by Katrina Johnston

“Beware the Ides of March.”

Our anniversary falls in early springtime—March 15th. Last year was our sixth. We invoked the Ides like a talisman phrase, tossing the quotation almost as high as we had previously done for our anniversaries one through five. Sheldon jabbed me in the ribs and called me “Sweet Marie.” I poked him back and we exploded with hilarity. But that was the last time we shared the joyful ironies. It’s Sheldon’s fault. He’s changed.

I guess I’ve changed too. I feel it, but I don’t know exactly how or why. I’m not as social as I used to be. I got laid-off from the medical clinic after Thanksgiving, but I always wanted to be a stay-at-home, so it can’t be that. The loss of my income is no big issue. I’m aware my confidence is slipping, but only marginally. I’m unsure what to do. I could sign up for a course of enlightenment or I could upgrade a number of computer skills at the community centre. Except I don’t really want to. I’ve gained a bit of weight. Big deal! Other friends? Don’t know where they’ve gone. I can’t remember much about my life before I met and married Sheldon. He says it’s all my fault.

Our seventh anniversary has arrived this morning without a breath of fanfare.

“Shel, you want tea or coffee with breakfast?”

“I’m going,” he said.

If I shaved my head and danced the Lindy Hop, Sheldon wouldn’t notice. I don’t think he’d care. And I started crying over nothing in particular while I scraped the batter for french toast into the garbage disposal.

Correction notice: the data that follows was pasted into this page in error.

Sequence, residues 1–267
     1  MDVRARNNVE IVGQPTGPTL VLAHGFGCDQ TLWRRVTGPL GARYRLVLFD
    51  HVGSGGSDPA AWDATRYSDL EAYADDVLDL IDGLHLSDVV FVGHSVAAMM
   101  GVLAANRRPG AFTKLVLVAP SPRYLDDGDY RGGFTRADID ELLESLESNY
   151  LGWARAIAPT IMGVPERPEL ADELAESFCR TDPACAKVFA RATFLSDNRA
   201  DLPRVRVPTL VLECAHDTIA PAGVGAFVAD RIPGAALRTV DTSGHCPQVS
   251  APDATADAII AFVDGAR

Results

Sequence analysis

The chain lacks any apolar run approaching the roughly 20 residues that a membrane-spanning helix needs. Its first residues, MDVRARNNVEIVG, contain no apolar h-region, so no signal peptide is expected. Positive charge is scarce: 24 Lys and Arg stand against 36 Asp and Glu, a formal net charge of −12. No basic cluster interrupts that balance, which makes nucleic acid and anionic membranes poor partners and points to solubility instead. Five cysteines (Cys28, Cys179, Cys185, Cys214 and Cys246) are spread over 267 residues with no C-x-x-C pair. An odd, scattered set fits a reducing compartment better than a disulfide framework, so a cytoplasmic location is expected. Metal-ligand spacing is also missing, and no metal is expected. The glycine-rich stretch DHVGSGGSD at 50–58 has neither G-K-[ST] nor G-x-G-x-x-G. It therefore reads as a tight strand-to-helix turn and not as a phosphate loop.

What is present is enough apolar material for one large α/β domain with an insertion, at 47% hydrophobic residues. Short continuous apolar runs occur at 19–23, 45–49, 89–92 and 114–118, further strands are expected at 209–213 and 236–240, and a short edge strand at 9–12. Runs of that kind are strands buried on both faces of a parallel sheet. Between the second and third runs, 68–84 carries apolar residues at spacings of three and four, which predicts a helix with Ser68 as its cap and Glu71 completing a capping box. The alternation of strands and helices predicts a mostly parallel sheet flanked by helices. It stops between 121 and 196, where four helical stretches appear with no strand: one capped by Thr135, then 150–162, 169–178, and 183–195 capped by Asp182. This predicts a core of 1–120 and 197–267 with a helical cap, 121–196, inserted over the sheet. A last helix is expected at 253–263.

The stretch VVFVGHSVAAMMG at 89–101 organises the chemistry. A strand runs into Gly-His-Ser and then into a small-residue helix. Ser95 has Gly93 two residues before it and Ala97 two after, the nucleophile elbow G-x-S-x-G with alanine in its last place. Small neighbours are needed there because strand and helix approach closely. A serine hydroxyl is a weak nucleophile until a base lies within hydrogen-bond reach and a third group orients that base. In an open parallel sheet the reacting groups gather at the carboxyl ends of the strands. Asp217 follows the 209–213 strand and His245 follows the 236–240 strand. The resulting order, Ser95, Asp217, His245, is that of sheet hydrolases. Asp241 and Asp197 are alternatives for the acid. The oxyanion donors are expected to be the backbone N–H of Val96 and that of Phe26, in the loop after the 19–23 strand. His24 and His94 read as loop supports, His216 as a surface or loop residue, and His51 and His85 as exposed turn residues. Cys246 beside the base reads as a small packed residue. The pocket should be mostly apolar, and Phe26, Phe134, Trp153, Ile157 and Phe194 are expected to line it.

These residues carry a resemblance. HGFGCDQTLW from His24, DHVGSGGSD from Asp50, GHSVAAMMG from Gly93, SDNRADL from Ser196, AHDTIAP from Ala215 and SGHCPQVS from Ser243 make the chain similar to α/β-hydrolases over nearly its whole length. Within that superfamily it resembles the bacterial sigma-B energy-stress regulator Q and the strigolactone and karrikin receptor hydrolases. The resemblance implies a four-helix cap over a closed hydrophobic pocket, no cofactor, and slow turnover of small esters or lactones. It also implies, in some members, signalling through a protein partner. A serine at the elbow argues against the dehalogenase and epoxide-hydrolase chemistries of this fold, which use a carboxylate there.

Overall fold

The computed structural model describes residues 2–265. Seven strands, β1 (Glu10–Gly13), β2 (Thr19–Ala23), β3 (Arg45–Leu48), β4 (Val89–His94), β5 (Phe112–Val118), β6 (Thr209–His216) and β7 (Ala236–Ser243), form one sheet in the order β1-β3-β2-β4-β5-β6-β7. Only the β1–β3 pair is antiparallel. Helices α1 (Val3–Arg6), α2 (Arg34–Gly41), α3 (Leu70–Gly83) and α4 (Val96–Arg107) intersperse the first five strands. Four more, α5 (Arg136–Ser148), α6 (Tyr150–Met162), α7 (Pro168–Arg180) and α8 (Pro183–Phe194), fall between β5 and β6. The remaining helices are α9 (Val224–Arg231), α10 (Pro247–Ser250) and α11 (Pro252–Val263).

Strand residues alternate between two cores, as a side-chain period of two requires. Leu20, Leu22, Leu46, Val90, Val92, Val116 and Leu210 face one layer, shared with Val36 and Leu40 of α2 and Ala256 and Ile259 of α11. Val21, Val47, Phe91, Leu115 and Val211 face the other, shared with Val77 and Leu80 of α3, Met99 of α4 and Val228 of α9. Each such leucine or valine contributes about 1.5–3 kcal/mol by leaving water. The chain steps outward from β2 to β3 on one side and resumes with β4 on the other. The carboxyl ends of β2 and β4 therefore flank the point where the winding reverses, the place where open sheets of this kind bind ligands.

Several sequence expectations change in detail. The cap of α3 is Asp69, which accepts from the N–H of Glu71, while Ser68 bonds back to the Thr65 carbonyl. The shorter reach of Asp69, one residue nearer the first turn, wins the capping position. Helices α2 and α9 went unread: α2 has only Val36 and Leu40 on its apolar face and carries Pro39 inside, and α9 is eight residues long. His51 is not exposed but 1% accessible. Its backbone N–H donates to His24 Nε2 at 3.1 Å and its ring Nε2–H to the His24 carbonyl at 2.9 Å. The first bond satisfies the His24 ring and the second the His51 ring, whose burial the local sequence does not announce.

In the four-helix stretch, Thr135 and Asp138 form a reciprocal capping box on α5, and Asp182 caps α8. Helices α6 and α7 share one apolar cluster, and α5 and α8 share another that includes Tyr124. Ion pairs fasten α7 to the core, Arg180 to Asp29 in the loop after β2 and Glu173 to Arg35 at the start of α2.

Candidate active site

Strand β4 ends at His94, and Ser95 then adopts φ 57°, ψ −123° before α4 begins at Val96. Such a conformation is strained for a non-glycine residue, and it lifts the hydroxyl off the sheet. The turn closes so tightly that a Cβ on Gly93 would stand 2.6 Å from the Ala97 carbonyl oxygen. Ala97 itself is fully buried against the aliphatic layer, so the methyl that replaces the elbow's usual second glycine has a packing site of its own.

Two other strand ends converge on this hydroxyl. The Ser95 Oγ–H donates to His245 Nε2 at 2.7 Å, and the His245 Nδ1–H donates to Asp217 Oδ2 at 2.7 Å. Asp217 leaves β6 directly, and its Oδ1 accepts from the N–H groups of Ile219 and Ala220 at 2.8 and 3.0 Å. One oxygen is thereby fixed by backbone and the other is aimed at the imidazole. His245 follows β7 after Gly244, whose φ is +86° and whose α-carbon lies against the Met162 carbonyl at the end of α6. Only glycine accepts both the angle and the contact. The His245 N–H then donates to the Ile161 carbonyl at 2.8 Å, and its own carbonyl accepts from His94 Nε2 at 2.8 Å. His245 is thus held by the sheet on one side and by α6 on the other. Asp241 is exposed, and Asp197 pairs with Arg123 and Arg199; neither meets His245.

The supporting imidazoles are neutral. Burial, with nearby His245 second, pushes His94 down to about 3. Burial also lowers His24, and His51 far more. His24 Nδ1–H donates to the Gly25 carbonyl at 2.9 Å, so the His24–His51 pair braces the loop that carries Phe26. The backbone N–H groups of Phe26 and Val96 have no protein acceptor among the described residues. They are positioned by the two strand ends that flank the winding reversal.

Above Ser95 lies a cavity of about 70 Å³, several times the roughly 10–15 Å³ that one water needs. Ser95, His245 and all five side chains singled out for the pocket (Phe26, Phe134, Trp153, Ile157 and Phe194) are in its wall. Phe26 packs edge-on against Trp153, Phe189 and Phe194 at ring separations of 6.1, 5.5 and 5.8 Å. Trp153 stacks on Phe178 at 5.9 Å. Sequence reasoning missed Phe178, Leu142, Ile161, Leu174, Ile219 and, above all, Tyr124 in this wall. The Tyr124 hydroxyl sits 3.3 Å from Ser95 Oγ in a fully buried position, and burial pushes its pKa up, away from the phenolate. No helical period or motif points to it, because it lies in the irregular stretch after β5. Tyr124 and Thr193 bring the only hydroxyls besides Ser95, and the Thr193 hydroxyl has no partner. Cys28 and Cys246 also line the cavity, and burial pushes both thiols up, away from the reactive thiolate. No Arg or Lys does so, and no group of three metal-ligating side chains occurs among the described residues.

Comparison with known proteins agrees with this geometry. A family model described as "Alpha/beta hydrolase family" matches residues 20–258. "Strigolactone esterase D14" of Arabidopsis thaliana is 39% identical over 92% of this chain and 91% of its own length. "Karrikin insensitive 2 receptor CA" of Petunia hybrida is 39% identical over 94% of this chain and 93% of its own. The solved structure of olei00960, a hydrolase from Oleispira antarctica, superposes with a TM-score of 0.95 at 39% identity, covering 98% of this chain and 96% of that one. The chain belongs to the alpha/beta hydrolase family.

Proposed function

Now, I’m here, all alone. My enthusiasm dwindles, but I am reluctant to accept as totally wasted my lengthy quest through the card aisle of London Drugs. I grab a pen and print UN, altering the mushy sentiment: UN-Congratulations and UN-Happy Anniversary with UN-love, Marie. I shove the Hallmark into a lavender envelope. A raucous pair of crows scolds from outside the window. I listen for a while. Crows are known to be intelligent and monogamous. I rip the envelope into jagged pieces.

Four months ago, Sheldon signed up with a local theatre troupe, the Classico Players. He thinks he’s an amazing talent, that he’s adept in the portrayal of diverse characters and emotional angst. Technically, he’s in the cast, but I’ve kept silent about his acting aspirations. He never invites me to view either the rehearsals or the final productions, citing his own lame excuses. He says that he performs more naturally and more believably when I’m not lurking.

They’re an amateur group on Williams Street. Sheldon starred in one minor role in a modest tragedy, but his usual job is the sets. He paints the flats—mostly black—and comes home reeking of oil-based paints and horrid glues. He’s not destined for the magic of the footlights, and it’s all so silly. I don’t say this out loud to him. No matter what, he still doesn’t invite me.

We never do anything as a couple anymore. We barely talk.

Today, I am planning an ambitious roast beef dinner with side dishes of green beans and yellow sweet potatoes. The kitchen timer pings at 2:15 p.m., the worst time of day, and the cravings begin. I don’t expect Sheldon to return for a while and it’s an even longer spell before he might crawl upstairs to snore. He occupies the guest room. I’ve camped out in the master bedroom. Why did the separate bedrooms happen? I don’t recall. That’s normal, isn’t it?